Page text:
He previously worked for Newsday in New York City and Washington. He's covered New York City Public Schools, the state's colleges and universities, the Newt Gingrich-led Republican revolution in Congress, President Clinton's second term, foreign affairs and the war with Iraq from the Pentagon.

He majored in news-editorial journalism and received his bachelor's degree from the University of South Carolina in 1980.

Douglas is an avid ice hockey player.

National Correspondent Michael Doyle

Michael Doyle covers legal affairs, courts, the U.S. Supreme Court and the U.S. Justice Department for McClatchy Newspapers, based in Washington, D.C.

He also writes for the Fresno Bee, Modesto Bee and Merced Sun-Star. He is the author of Suits and Sentences, the McClatchy legal affairs blog.

He joined the McClatchy Washington Bureau in 1988. He's a graduate of Oberlin College, and earned a master of studies in law from Yale Law School, where he was a Knight Journalism Fellow. He also earned a masters in government from The Johns Hopkins University. In 2004, Syracuse University Press published his book "The Forestport Breaks: A Nineteenth Century Conspiracy Along the Black River Canal." In 2012, Syracuse published his second book, "Radical Chapters: Pacifist Bookseller Roy Kepler and the Paperback Revolution."

He's served since 2002 as a volunteer firefighter/EMT in Arlington County.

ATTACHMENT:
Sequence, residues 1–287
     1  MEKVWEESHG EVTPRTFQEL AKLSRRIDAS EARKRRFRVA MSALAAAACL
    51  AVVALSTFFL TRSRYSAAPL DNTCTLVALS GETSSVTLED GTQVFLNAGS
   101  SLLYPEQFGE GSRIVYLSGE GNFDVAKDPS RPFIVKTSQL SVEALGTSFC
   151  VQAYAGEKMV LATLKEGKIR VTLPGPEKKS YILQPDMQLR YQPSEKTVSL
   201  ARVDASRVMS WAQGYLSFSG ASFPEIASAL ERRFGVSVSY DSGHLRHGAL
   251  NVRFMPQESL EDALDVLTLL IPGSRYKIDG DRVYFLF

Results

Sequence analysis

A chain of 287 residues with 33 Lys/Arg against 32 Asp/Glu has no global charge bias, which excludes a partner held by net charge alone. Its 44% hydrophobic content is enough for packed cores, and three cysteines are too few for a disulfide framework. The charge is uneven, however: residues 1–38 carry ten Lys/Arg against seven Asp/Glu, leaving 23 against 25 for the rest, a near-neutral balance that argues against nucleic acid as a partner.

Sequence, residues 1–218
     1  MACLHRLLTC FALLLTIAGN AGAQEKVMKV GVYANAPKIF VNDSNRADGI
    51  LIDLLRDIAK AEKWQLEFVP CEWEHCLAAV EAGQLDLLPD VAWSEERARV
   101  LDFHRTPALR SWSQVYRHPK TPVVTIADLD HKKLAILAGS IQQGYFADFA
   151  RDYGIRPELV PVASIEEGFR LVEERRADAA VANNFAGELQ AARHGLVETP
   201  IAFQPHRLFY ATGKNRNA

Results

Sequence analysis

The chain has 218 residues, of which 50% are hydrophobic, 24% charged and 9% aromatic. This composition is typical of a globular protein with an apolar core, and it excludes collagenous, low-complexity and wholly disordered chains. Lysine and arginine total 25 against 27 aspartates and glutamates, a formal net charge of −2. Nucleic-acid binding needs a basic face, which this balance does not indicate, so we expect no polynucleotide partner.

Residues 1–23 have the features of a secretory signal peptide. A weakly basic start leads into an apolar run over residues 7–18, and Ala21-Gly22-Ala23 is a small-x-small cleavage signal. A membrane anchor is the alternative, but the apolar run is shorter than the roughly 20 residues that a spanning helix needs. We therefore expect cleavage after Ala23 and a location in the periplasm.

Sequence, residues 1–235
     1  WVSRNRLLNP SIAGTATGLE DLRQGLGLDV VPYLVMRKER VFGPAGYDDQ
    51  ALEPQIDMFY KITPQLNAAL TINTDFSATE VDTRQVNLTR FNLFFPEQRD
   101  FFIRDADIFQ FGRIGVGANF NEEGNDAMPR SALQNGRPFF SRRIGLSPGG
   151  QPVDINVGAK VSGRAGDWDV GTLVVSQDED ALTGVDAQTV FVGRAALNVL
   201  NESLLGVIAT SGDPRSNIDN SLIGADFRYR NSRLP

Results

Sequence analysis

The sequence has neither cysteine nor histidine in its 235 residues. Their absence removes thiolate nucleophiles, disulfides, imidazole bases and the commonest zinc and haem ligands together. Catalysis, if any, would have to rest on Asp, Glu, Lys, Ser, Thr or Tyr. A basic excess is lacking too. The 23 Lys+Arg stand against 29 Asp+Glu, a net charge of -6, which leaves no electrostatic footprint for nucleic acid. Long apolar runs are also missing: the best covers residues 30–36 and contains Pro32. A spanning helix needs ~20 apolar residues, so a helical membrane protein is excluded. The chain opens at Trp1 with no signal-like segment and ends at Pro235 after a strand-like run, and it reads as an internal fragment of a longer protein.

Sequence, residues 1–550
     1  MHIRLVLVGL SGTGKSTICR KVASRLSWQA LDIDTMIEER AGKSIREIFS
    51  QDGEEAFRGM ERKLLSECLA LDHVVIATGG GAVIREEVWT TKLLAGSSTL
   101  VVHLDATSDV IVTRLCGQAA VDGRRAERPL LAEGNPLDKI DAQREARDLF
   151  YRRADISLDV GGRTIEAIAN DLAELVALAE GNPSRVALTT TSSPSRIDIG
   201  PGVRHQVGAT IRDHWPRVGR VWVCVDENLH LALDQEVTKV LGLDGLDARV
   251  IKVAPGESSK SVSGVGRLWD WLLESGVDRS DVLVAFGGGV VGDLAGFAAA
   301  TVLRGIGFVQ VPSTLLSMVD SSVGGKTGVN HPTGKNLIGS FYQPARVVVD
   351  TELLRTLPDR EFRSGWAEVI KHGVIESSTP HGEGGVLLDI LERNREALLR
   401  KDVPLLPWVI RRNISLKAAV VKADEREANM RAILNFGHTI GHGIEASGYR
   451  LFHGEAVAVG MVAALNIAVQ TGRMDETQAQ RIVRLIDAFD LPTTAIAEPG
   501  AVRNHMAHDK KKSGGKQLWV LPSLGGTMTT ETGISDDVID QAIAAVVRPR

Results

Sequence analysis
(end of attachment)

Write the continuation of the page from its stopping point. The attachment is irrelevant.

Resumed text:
National Editor David Goldstein

David Goldstein is a national editor for McClatchy's Washington Bureau. He has covered Washington and national politics since 1995.

Goldstein formerly wrote for The Kansas City Star and The Wichita Eagle. He was government and politics editor in Kansas City before that, and has also worked on newspapers in Pennsylvania. He has covered several presidential campaigns and exposed problems related to the health of troops sent to Iraq and Afghanistan.

Among his reporting awards was the National Press Club’s Washington Correspondence Award in 2001 for a story about the link between legislation and campaign contributions. He is a graduate of George Washington University.

Investigative Reporter Greg Gordon

Greg Gordon, an investigative reporter, has spent 35 years uncovering waste, fraud, abuse and misconduct in Washington.

Since joining McClatchy's national staff in 2006, he has helped expose Wall Street's role in the 2008 financial crisis, partisanship in the Justice Department and gaps in U.S. homeland security. In 2010, he and colleagues Kevin Hall and Chris Adams won a Gerald Loeb award for business reporting and were honored as finalists for the Pulitzer Prize for their financial reporting, which included Gordon's four-part series detailing Goldman Sachs' selloff of tens of billions of dollars in securities backed by risky home mortgages while it secretly bet that a housing downturn would send the value of those securities plummeting.

In 2008, he, along with Margaret Talev and Marisa Taylor, won a McClatchy "President's Award" and Scripps Howard's Raymond Clapper Memorial Award for Washington reporting (Gordon's second Clapper award) for exposing the Bush administration's politicization of the Justice Department.